A Fair Housing Defense Blog reader asked me to attempt to unscramble the various statues in play that apartment management professionals must work with.  So, here is a short summary:

Although legislation to specifically combat housing discrimination had been pending in Congress for many years, it took a galvanizing event (the assassination of Martin Luther King) to overcome Senate opposition to the bill.  Congress moved swiftly after Dr. King’s death and passed Title VIII of the Civil Rights Act of 1968 – which we know today as the Fair Housing Act (“FHA”).  As originally adopted, the FHA prohibited discrimination in housing on the basis of race, color, religion, or national origin.

Congress initially attempted to combat discrimination against individuals with disabilities at the national level by adopting civil rights legislation prohibiting discrimination by federal employers as well as within programs that receive federal financial assistance.  That law, the Rehabilitation Act of 1973 (“the Rehabilitation Act”), contains what is known in our world as “Section 504” and provides a supplemental basis for ensuring that individuals with disabilities receive the full benefit of their housing and are not discriminated against in federal programs because of their disabilities.  The regulations which implemented Section 504 were amended over time to make clear that housing providers were required to evaluate and respond to reasonable accommodation requests received from disabled residents and applicants.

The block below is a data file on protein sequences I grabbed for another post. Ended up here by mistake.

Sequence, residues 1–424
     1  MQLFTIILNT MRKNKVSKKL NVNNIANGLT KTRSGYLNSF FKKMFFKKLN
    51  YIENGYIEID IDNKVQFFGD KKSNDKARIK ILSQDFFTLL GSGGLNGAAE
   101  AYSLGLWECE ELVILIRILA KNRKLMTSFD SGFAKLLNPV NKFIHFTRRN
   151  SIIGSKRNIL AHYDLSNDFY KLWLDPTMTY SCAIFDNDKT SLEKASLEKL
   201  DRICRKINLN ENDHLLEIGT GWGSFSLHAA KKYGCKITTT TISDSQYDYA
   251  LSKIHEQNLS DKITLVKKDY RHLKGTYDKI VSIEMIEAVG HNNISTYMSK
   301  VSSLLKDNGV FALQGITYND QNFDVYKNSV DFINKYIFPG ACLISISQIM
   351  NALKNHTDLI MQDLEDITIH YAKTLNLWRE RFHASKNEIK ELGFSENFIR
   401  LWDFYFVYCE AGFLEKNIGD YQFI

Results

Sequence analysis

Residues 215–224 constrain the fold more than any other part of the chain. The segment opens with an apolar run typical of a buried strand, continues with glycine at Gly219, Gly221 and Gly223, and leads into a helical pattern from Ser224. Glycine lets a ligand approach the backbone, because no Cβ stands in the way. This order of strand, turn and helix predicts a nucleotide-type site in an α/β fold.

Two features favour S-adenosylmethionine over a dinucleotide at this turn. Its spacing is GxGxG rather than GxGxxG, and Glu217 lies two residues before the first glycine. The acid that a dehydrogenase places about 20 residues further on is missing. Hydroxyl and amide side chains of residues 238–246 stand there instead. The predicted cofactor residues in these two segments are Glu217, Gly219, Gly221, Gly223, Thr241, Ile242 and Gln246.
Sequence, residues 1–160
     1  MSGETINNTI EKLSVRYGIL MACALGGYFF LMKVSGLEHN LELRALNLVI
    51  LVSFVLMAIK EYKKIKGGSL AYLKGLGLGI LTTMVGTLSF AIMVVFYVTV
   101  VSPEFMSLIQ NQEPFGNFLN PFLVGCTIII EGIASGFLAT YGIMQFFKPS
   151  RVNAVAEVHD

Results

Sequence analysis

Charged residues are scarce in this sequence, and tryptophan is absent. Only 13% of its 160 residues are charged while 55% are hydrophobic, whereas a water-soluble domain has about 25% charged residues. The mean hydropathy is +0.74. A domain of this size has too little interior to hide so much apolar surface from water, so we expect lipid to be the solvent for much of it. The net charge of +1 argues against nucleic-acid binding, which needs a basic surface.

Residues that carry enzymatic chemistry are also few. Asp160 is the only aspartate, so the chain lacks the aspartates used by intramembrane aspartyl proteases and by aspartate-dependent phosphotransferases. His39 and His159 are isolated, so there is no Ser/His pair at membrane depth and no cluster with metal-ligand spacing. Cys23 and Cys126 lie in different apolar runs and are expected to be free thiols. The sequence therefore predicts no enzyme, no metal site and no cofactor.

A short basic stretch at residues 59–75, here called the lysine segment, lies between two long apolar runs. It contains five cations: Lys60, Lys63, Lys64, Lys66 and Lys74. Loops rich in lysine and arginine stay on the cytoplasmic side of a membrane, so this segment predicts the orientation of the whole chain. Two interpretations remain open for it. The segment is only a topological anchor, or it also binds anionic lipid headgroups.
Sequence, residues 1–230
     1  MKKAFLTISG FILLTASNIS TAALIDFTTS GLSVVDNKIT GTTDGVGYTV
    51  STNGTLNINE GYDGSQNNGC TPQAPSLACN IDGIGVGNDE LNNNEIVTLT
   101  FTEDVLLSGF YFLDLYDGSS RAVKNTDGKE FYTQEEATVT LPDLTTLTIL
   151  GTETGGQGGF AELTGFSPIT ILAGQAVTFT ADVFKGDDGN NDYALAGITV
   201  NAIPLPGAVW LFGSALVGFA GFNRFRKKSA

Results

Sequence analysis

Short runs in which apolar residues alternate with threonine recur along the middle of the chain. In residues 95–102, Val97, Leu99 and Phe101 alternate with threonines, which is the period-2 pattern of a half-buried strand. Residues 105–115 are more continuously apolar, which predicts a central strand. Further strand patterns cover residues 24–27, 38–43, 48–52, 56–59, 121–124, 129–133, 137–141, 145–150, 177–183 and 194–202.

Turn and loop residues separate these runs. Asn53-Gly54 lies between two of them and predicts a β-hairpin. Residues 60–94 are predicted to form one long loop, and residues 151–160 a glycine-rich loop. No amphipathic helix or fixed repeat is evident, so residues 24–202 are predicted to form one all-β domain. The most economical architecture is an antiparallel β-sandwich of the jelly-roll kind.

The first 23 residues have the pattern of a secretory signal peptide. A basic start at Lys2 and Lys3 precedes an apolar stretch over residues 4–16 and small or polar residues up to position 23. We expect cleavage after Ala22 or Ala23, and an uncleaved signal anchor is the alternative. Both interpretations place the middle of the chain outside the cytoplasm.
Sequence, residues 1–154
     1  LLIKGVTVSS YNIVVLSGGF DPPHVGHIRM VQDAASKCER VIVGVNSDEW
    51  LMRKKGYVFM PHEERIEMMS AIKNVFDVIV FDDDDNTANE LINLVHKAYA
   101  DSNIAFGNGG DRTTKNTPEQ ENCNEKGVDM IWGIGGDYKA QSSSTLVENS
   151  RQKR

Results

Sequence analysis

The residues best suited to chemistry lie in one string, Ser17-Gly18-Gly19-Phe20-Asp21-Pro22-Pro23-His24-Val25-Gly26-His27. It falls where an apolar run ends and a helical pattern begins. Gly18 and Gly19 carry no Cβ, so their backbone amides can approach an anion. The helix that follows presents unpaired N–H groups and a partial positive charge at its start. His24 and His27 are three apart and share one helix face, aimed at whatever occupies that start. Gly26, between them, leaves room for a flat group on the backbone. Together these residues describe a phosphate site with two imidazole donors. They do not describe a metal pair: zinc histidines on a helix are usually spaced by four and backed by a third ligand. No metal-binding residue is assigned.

In 1974, Congress amended the FHA to prohibit gender discrimination.

In 1988, Congress again amended the FHA, this time adding protections for familial status and disability.  As such our current FHA has seven protected classes.  And various state, city, and county fair housing laws often can (and do) include additional protected classes not listed in the federal FHA.

Next, when Congress was drafting the Americans with Disabilities Act (“ADA”) in the early 1990’s, the legislators looked to the reasonable accommodation matrix taken from the Rehabilitation Act to design a reasonable accommodation provision within the ADA and to ensure that a failure to reasonably accommodate an individual was included in the definition of discrimination under the ADA.  Indeed, Congress then went back and amended the Rehabilitation Act  to include the same reasonable accommodation standards as they wrote into the ADA.  Now, as a general rule, the ADA does not fully apply to residential apartments communities – except that the leasing office and any retail space leased to vendors on the property must comply with ADA accessibility guidelines.

Hope that helps.  For individual questions dealing with one of these (or other) laws, you might want to speak with a lawyer like me as every case typically involves a fact specific analysis.

Just A Thought.